The Jayhawks were dribbling out the time on their 81-60 victory when Silvio De Sousa was stripped by DaJuan Gordon near mid-court. Gordon tried to go for a layup and De Sousa recovered to block his shot and send the freshman sprawling, then stood over Gordon and barked at him — triggering both benches to empty into what amounted to a rugby scrum.

At one point, De Sousa picked up a stool and held it over his head before Kansas assistant Jerrance Howard grabbed it from him from behind. The Jayhawks’ Marcus Garrett and David McCormick were also in the thick of the scrum along with the Wildcats’ James Love and David Sloan, who was the first player to come to Gordon’s defense.

It took both coaching staffs, the officials and Allen Fieldhouse security to separate the teams.

“Without knowing exactly everything that went down, it was obvious to me that we played a role in what transpired and there will be penalties for that,” said Jayhawks coach Bill Self, who was already shaking hands with Kansas State counterpart Bruce Weber when the chaos erupted. “I need to see the film to comment or have any definitive thoughts on exactly why or how it got started, because to be honest with you I don’t have any idea about that.”

This fight became a national event

The fight came three days after St. Francis and Sacred Heart were involved in a wild fracas following their game in Pennsylvania. But while that incident in the Northeast Conference went largely unnoticed, the pedigree of Kansas and the fact that both schools play in the Big 12 instantly turned their brawl into a national event.

Obviously it’s an embarrassment,” Self said. “It’s not something to be proud of. What happened showed zero signs of toughness. It’s a sign of immaturity and selfishness more so than toughness. If I was a fan watching, depending on your perspective, there would be nothing about that intriguing me to watch more.”

Then, adding to the bizarre finish, five players from each team were summoned back from the locker rooms by officials and one-tenth of a second was put on the clock. Kansas State shot technical free throws to booing from a few thousand fans, and the one make necessitated a change to the final box score.

The reason only those players returned? The rest of the players from each team — including those dressed in street clothes — were ejected because they had left the bench while the game was in progress.

“It should have been avoided,” Weber said. “It’s my guys, it’s my fault. They came here wanting to have a game, compete, and we didn’t compete the way we needed to, and probably a little frustration, especially the young guys.”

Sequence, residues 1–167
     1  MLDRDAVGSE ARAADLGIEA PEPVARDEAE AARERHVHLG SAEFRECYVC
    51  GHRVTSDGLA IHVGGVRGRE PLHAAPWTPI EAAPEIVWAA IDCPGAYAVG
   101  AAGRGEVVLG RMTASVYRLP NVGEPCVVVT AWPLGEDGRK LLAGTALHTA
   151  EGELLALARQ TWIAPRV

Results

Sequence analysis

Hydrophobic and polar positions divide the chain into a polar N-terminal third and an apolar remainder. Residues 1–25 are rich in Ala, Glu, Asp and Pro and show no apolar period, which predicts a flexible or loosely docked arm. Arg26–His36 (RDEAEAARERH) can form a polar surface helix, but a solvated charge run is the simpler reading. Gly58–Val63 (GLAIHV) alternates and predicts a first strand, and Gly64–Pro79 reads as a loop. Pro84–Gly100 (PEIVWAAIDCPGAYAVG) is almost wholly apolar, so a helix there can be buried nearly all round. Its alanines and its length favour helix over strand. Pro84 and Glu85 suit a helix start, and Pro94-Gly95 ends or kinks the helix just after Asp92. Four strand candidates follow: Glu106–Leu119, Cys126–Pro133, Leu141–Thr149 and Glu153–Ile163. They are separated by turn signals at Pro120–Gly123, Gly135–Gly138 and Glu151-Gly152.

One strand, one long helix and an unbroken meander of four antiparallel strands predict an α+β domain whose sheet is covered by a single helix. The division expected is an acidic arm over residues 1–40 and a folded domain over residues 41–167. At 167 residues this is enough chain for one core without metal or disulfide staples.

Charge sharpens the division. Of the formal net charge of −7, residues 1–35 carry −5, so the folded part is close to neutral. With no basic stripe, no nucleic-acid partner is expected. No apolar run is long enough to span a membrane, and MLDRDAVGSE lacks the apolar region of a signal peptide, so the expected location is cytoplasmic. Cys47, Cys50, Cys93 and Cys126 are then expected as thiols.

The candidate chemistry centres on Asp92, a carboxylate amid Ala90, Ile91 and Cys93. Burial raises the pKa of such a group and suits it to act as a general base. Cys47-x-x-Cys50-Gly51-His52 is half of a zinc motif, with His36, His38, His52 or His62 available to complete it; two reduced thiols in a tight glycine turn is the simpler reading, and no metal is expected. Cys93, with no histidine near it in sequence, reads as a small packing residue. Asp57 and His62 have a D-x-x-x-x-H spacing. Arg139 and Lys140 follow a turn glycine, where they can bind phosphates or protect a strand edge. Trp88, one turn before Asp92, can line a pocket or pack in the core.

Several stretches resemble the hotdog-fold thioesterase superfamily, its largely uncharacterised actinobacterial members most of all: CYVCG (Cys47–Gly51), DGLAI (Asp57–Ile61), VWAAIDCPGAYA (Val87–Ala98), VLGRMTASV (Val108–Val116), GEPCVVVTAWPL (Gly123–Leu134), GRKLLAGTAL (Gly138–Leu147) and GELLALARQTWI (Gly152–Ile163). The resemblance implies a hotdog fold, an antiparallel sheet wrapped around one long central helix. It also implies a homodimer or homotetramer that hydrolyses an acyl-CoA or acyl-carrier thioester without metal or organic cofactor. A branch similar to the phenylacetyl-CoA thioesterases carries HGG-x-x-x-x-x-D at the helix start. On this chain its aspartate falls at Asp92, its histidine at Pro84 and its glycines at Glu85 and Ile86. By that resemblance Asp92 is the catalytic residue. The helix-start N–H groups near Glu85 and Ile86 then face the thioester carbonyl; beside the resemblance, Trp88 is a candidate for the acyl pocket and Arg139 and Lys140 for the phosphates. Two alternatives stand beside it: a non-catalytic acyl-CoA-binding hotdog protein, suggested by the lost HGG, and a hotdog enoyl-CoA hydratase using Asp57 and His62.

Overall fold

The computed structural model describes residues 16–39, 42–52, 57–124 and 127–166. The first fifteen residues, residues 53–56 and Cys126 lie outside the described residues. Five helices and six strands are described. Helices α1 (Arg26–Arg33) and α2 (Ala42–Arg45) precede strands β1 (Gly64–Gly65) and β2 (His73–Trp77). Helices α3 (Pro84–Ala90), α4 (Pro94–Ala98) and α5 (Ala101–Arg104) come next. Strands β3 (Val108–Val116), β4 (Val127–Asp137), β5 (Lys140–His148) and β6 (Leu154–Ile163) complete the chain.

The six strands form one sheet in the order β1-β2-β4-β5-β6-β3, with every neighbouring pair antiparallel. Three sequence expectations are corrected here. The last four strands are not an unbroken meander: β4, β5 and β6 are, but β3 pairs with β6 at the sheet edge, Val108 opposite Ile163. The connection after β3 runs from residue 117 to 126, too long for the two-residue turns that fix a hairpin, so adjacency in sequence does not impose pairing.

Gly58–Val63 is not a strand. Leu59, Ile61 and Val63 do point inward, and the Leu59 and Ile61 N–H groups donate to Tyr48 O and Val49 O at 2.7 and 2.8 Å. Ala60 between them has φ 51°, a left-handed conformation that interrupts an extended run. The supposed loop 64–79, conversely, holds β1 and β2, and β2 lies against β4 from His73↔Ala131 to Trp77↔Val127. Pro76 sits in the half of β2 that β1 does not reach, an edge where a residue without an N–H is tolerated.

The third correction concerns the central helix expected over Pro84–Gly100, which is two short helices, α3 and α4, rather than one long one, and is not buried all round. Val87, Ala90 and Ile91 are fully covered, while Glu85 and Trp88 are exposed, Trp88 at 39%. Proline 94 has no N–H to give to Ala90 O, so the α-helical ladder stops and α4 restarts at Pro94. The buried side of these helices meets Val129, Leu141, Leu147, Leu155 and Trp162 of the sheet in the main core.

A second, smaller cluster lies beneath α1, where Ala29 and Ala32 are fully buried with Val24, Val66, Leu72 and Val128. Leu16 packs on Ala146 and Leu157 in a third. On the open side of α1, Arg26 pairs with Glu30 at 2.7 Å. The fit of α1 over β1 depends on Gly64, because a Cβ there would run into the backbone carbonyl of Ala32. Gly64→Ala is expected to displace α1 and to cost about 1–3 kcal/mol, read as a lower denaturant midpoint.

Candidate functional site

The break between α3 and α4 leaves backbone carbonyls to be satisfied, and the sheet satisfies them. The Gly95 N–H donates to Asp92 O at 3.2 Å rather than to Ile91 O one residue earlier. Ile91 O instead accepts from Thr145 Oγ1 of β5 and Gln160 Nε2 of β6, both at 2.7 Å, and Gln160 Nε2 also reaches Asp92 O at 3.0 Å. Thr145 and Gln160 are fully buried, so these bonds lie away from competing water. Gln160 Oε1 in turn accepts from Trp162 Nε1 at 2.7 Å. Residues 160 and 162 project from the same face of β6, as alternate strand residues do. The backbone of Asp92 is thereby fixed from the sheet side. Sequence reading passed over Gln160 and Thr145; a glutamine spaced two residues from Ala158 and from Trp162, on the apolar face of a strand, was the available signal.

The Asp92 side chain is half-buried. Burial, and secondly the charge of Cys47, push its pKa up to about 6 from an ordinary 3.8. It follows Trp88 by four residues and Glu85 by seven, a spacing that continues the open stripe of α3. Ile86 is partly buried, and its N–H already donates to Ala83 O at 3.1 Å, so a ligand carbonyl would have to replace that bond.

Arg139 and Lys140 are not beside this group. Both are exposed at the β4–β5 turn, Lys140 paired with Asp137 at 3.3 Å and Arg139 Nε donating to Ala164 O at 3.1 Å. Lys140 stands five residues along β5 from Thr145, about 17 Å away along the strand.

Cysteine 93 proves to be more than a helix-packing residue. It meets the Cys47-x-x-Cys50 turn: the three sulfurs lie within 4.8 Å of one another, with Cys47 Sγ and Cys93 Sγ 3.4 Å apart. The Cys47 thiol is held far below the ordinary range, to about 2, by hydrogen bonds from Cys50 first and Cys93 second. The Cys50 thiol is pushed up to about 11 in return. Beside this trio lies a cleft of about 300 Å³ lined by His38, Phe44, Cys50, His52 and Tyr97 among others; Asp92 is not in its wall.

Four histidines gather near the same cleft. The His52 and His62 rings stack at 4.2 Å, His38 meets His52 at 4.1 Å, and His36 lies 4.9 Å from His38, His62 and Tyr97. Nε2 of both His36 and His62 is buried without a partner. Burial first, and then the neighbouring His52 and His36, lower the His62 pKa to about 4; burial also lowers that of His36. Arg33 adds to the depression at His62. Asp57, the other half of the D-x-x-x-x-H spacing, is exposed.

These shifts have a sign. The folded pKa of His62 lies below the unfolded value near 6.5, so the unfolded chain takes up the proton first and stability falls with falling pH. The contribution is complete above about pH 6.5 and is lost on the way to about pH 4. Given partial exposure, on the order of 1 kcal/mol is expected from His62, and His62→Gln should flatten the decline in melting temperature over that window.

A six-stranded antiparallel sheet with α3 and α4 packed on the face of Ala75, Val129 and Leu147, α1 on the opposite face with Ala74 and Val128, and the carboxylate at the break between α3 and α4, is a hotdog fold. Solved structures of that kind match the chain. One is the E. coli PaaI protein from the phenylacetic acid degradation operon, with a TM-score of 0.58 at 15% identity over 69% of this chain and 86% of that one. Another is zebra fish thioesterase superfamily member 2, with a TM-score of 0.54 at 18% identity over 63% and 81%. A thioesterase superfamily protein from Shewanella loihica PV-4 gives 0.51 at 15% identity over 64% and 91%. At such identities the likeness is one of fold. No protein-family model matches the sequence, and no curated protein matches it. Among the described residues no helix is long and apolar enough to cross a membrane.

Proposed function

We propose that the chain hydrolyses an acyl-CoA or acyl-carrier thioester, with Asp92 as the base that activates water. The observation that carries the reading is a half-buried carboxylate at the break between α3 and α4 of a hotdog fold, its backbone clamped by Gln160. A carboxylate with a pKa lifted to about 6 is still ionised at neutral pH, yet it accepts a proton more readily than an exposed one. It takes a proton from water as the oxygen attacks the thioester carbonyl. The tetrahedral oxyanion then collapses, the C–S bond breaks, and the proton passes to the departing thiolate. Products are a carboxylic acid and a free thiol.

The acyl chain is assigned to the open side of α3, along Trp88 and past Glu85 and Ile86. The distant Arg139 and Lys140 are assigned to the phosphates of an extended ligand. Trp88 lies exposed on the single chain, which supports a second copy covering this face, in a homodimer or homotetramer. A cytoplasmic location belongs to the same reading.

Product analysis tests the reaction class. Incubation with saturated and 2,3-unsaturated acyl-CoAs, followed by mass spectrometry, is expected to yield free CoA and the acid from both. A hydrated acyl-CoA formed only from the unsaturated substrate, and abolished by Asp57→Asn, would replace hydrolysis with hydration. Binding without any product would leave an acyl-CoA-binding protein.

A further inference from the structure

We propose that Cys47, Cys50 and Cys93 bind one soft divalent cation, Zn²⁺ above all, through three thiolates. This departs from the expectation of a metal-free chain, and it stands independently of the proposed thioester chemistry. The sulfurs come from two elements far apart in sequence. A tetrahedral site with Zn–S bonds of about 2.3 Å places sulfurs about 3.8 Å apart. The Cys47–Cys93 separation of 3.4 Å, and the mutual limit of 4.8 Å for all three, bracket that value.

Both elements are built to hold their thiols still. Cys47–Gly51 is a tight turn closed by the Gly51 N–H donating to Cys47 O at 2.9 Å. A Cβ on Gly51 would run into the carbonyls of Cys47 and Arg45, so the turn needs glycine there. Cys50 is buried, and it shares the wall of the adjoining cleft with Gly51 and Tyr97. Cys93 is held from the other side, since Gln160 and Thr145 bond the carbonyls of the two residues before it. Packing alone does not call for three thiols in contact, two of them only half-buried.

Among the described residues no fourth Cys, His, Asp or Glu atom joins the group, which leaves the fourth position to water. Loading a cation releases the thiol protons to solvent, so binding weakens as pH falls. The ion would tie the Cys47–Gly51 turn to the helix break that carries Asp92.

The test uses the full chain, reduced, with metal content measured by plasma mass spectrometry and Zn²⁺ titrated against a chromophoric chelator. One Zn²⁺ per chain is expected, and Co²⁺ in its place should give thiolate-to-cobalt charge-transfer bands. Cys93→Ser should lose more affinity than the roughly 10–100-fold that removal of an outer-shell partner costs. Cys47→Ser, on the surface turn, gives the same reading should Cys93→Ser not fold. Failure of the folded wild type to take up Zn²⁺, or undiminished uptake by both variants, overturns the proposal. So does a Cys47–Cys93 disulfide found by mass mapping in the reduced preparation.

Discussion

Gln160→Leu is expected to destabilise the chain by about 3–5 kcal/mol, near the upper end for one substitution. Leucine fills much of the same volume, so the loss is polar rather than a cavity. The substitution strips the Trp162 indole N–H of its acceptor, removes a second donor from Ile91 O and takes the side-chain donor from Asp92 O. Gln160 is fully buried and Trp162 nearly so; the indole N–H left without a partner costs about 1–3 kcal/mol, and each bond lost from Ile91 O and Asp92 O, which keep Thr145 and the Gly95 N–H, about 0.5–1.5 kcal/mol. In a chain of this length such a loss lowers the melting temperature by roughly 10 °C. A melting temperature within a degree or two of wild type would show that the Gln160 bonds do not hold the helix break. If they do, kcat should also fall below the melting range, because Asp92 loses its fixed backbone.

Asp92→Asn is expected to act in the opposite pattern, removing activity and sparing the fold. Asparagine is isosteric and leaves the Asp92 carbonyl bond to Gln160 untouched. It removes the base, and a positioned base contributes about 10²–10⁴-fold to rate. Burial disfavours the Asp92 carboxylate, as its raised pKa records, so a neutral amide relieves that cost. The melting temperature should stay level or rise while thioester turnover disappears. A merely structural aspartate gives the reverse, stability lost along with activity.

Weber had instructed his players to back off in the closing seconds and let the game run out. And while Self said he didn’t agree with the steal and layup attempt, he did acknowledge that Kansas State was merely playing to the final whistle.

“Silvio knew he was being defended,” Self said. “He took his ball, and certainly the way Silvio reacted to getting his ball taken, going and blocking his shot, that’s fair game. What transpired after that is what set everything off.”

What punishments are coming?

While he won’t be alone, De Sousa is likely to receive the stiffest punishment from the incident — the latest chapter in a career that has brought far more embarrassment and frustration to Kansas than pride and success.

It was De Sousa whose name surfaced in the FBI probe into college basketball in October 2018, and that in part led to an NCAA investigation of Kansas. The school received a notice of allegations last September that outlined major violations in men’s basketball, levied a head coach responsibility charge against Self and alleged a lack of institutional control. Those violations are being appealed and a decision is not expected until well after the season.

De Sousa was suspended last season for his role in the case, and he was supposed to sit out this season as well. But the school successfully appealed the decision, allowing the junior forward to return to the court.

Asked what his message was in the locker room after the game, Self replied: “There was no discussion on what happened from their vantage point. We talked to them and relayed to them how selfish it was. We relayed how disappointed we are. We should be in here talking about Christian Braun and selfishness created a situation where that’s not going to be the story line whatsoever. There was no communication back and forth. It was one way.”

Indeed, Braun was the story of the game until the final seconds after hitting six 3-pointers and scoring a career-high 20 points in his first Sunflower Showdown. The freshman guard grew up in nearby Burlington, Kansas.

Devon Dotson added 18 points and Udoka Azubuike finished with 10 points and 14 rebounds for Kansas (15-3, 5-1 Big 12), which beat the Wildcats for the 14th straight time at Allen Fieldhouse. Xavier Sneed had 16 points and David Sloan had 14 for the Wildcats (8-10, 1-5), who played a part in ending the Jayhawks’ conference title run last season.

“Credit to them. They kicked our butt,” said Weber, whose chin was reddened by what he called a stress-induced reaction. “I’m just happy nothing major happened to either team where there was an escalated fight. It was a bad play at the end. It’s disappointing. Life lessons for our young guys and hopefully next time they’ll be a little smarter.”